Taekwondohas oftenbeen referred to as theKoreankarate, but that label does a disservice to this wholly unique and dynamicmartial art. Taekwondo differs from karate and other kicking and punching arts, primarily because of its distinctive high kicks and powerful breaking methods. In fact, karate and other arts have, over time, adopted some taekwondo kicks. Karate is a more commonly known art than taekwondo— particularly among children—thanks largely to the three Karate Kid movies. However, those movies actually used a martial arts expert to choreograph many of the fighting scenes. In the movie world, however, Taekwondo Teenager probably would not have had quite the same catchy appeal. Taekwondo literally means the “art of hand and foot,” but it relies heavily on kicking techniques. The legs are three times stronger than the arms and provide a greater reach. It is therefore easier and more penetrative to strike out with your feet rather than your hands. Almost every aspect of taekwondo, from stances to patterns to sparring , is designed to increase power in the legs so that students are ready to perform its difficult high kicks. A BIT OF HISTORY Taekwondo is a Korean martial art. Although it was officially declared a martial art in 1955, its origins can be traced back almost 2,000 years, to the Koguryo Dynasty, to drawings on the ceiling of a royal tomb that appear to depict fighters in a taekwondo contest. In another tomb, a drawing of two wrestlers, presumably competing in a cireum (the traditional Korean form of wrestling) match was found. These early fightingmethods are said to have originated fromfive principles laid out by


W H A T I S T A E K W O N D O ?

Grand Master General Choi Hong Hi—the father of modern taekwondo—devoted his life to studying ancient Korean and Japanese martial arts before creating the official martial art of Korea in 1955.



Taekwondo differs from other Korean martial arts, such as hapkido (shown here), which is similar to the Japanese art of aikido and uses tcchniques such as wrist locks, which are not permitted in taekwondo.


W H A T I S T A E K W O N D O ?

a Buddhist monk named Wong Kwang: be loyal to your king; be obedient to your parents; be honorable to your friends; never retreat in battle; and kill with justice. AncientKorea at this timewas dividedup into three kingdoms:Koguryo in the north, Baekchae in the west, and Silla in the southeast. Silla was the smallest of the three kingdoms and lived in constant fear of being overrun by its larger neighbors. In the sixth century, the King of Silla, Ching-Hung, organized an army of young warriors called the hwarang (translated as “the flowering manhood”) to protect his kingdom. These warriors were trained in the ancient open-handedmartial arts of taekyon (foot fighting) and subak . They formed a formidable fighting force, and their style became known as hwarangdo, or “way of the flowering manhood.” Martial arts remained popular in Korea for hundreds of years until the country went through a period of antimilitary rule. Even then, however, they were still practiced daily by the masses. Then, in 1909, Japan annexed Korea, banned all traditional martial arts, and forced students to take up Japanese martial arts, such as karate, judo, and jujutsu. Korean arts survived, however; some people practiced them in secret, while other martial artists fled to China. After Korea was liberated from Japan in 1945, the government made a special effort to rekindle interest in the traditional arts. It sought to unify them under a single Korean art form in an effort to revitalize the traditional art of subak. In the meantime, an army general, Grand Master Choi Hong Hi, had begun a quest to research martial arts in 1938, when he had gone to Japan to learn karate. General Choi had been a student of taekyon in Korea before going to Japan. After attaining a 2nd dan black belt in karate, he returned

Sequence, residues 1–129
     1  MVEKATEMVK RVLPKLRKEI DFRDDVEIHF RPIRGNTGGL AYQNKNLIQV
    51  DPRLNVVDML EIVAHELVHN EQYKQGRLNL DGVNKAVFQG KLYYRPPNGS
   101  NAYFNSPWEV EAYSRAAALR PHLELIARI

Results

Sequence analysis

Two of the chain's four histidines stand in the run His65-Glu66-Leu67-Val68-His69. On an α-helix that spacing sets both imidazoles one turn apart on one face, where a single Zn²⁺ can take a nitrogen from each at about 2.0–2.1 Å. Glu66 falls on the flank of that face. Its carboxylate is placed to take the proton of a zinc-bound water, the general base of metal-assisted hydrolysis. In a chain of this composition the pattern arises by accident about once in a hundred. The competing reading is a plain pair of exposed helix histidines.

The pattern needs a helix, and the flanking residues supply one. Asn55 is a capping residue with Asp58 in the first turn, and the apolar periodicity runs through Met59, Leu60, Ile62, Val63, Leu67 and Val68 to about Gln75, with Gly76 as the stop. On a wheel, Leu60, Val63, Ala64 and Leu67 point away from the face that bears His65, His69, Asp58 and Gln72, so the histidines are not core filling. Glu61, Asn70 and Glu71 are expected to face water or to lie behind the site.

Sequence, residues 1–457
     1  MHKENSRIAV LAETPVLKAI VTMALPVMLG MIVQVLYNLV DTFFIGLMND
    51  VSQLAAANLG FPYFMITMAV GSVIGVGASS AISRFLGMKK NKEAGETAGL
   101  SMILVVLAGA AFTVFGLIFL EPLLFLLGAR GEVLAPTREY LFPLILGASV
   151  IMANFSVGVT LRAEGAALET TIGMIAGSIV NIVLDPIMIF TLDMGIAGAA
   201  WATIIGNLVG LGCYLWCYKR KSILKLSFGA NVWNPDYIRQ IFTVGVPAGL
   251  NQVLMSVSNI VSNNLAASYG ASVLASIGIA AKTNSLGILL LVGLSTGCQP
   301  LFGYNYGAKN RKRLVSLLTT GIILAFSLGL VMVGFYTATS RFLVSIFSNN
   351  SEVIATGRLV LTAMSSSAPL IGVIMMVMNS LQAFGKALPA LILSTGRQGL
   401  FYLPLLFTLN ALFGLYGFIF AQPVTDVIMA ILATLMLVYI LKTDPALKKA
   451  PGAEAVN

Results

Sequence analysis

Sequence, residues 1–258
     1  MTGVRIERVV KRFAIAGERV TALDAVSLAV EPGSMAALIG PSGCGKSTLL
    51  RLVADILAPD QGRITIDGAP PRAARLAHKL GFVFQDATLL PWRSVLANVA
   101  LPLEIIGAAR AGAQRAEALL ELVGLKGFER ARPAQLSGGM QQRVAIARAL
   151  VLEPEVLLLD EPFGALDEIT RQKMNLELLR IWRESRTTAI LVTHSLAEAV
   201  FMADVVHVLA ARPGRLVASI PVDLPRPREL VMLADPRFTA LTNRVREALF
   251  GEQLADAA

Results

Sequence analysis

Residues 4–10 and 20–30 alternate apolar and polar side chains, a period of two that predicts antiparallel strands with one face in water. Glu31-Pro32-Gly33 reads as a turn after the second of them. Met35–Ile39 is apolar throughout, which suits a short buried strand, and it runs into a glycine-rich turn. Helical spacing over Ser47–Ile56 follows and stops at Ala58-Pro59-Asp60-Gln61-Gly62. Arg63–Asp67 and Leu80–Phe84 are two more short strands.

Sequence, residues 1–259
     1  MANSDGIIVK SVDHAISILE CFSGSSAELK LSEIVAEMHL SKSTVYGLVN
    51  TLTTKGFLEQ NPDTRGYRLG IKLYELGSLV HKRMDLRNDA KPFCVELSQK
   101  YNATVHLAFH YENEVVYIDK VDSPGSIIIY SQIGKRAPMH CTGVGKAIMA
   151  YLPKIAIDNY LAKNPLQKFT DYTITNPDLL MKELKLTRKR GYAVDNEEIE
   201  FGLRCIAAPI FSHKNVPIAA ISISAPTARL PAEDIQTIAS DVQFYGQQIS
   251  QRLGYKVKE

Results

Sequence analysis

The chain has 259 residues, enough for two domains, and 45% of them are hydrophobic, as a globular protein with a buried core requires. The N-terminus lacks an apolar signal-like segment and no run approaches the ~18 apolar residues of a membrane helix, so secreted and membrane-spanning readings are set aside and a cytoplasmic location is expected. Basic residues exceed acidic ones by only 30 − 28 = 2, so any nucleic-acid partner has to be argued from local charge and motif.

to Korea to complete his taekyon studies. General Choi drew on influences from taekyon, subak, and karate to create taekwondo. Seventeen years later, his diligent research eventually culminated in the formal recognition of taekwondo as the official martial art of Korea at a special conference on April 11, 1955. A UNIFIED KOREAN ART Not all of theKoreanmartial artsmerged into theKoreanTaekwondo Association (KTA) to form the new style called taekwondo. Those that chose to stay out of the unified arts still exist today, although with a much smaller number of practitioners than taekwondo. Tang soo do, which means “way of the Chinese fist,” remained separate, even though it is similar to taekwondo. Tang soo do differs slightly from taekwondo in that it uses big, circular kicks and long hand strikes, like the Chinese arts. It is based on the principle that greater power can be achieved at the point of maximum extension of either the arm or the leg. As the name “way of the Chinese fist” suggests, tang soo do was influenced by the Chinese arts. This is because its founder, Hwang Kee, escaped to China during the Japanese occupation and picked up ideas from his adopted country. In fact, all Korean martial arts are influenced by Chinese, Japanese, or Mongolian martial arts in some way. Hapkido, which means “way of harmony,” is another art that chose to remain separate from the unified association. Hapkido is similar to both aikido and jujutsu, but it also includes breaking techniques similar to those used in taekwondo and tang soo do (these techniques are common only in indigenous Korean martial arts). The hapkido headquarters was set up in the U.S. In fact, hapkido was one of the first martial arts to be